House speaker Greg Stumbo has appointed State Representative Gerald Watkins (D-Paducah) to share the co-chairmanship with State Senator Jared Carpenter (R-Berea).  

Watkins says the subcommittee has plenty of issues on its plate, but one of the main concerns is the status of Kentucky’s coal industry and how it may be affected by new federal regulations on carbon emissions.

Flickr/Creative Commons/NASA

Climate change will begin to have a demonstrative effect on Kentucky’s economy within five years.

This is the conclusion from a report released today by the nonprofit Risky Business. The organization is dedicated to exploring the economic effects of climate change, and is chaired by liberal billionaires Michael Bloomberg and Tom Steyer, as well as former banker and George W. Bush-era Treasury Secretary Henry Paulson.

Recently, groups have begun focusing on the economic costs of climate change, considering any discussion or debate over the science or existence of climate change to be unnecessary. Yesterday, 13 major companies including Walmart, UPS, General Motors and Google launched the “American Business Act on Climate Pledge,” and pledged to reduce emissions with an eye toward their bottom lines.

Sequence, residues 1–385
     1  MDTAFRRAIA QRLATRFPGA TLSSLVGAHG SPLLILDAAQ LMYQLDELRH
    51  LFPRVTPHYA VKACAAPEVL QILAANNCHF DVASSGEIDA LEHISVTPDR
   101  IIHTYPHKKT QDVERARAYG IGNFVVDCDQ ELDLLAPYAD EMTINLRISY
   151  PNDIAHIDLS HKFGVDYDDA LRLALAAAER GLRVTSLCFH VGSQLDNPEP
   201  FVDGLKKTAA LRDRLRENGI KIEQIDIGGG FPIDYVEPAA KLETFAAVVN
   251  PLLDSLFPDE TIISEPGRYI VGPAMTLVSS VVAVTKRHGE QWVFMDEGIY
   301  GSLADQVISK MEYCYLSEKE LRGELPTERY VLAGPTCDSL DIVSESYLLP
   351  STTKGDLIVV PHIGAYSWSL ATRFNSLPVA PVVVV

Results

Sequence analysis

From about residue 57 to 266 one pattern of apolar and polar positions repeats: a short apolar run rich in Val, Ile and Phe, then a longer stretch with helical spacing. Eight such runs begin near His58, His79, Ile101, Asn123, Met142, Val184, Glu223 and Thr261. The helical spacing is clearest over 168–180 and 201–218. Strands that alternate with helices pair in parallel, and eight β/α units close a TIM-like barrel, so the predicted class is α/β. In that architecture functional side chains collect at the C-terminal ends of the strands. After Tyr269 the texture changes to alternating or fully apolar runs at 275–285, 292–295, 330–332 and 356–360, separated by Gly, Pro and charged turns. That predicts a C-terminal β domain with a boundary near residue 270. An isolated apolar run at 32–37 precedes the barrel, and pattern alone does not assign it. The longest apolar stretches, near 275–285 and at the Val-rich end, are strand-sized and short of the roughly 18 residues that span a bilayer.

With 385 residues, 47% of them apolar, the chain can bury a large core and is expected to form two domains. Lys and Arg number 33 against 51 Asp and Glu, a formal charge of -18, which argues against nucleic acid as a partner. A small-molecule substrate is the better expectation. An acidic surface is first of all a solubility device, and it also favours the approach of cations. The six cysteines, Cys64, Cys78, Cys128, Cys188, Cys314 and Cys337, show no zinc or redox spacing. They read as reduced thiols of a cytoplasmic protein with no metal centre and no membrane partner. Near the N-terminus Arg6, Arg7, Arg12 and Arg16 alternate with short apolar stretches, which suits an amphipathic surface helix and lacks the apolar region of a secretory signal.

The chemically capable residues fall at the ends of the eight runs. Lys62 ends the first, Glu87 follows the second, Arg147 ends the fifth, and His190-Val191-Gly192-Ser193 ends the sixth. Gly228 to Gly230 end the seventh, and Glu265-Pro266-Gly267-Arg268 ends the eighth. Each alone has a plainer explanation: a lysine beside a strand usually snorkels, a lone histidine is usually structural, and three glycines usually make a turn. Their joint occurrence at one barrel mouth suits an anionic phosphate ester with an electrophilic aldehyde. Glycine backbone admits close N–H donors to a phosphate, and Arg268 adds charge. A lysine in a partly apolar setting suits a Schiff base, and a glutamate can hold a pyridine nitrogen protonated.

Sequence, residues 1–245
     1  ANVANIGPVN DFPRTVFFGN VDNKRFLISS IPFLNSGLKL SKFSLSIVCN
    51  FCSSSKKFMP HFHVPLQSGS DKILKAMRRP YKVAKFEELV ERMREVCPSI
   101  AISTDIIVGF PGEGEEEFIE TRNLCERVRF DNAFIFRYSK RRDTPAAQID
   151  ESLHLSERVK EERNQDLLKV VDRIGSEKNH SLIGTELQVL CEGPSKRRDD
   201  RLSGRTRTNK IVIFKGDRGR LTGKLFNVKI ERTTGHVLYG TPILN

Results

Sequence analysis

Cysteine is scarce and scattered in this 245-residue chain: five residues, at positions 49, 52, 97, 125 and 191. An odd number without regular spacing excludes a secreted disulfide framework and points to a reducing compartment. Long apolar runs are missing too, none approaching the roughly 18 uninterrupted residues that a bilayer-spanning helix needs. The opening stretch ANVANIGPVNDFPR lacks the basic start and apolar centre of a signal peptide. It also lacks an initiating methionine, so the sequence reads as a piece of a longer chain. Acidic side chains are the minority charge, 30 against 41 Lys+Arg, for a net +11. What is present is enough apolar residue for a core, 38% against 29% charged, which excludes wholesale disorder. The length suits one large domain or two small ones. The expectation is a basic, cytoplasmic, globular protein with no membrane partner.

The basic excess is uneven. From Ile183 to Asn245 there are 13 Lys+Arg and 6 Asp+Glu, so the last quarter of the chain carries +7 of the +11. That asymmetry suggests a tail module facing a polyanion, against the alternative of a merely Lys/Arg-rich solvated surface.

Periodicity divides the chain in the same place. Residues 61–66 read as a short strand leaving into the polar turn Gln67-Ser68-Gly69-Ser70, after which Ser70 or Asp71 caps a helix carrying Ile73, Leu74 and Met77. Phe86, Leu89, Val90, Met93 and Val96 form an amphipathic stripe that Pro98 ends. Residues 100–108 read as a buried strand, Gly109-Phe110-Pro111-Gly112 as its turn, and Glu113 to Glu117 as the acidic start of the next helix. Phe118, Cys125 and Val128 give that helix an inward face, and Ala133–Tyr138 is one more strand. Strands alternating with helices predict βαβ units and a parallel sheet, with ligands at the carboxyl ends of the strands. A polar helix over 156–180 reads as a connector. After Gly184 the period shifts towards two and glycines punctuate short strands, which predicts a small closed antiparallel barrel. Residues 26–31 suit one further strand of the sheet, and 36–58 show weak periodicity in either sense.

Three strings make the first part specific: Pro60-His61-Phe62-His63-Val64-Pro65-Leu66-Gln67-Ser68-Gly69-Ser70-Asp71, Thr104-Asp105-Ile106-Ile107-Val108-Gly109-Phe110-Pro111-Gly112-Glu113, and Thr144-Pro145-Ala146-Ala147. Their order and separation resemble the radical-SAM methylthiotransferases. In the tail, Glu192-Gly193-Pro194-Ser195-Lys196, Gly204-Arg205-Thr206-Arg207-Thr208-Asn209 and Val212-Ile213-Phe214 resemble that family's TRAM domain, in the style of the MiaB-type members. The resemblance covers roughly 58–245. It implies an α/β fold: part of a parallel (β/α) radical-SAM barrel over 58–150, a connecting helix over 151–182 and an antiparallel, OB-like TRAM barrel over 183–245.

Today, Risky Business’ report analyzes the factors around the Southeast that will become amplified as the climate changes. Researchers identified “likely” outcomes, which it defined as events with a 67 percent chance of happening if the country continues its current greenhouse gas emissions pattern.

Alfred Sommer, dean emeritus of the Johns Hopkins University School of Public Health, worked on the report with Risky Business. He said it’s easy for politicians to bury their heads in the sand, but that’s a short-sighted perspective.

Under certain scenarios, a large percentage of Americans could subsist on a diet made up of mostly local food, according to a new study.

As natural gas speculation increases in the Rogersville Shale in Eastern Kentucky, scientists are beginning research into the region’s existing seismic activity.

Right now, several test wells have been drilled into the Rogersville, which is thought to cover 4 million acres in Kentucky and West Virginia. The results of those test wells are confidential, but if the reserves prove profitable, companies could begin drilling large-scale oil and natural gas wells in the formation.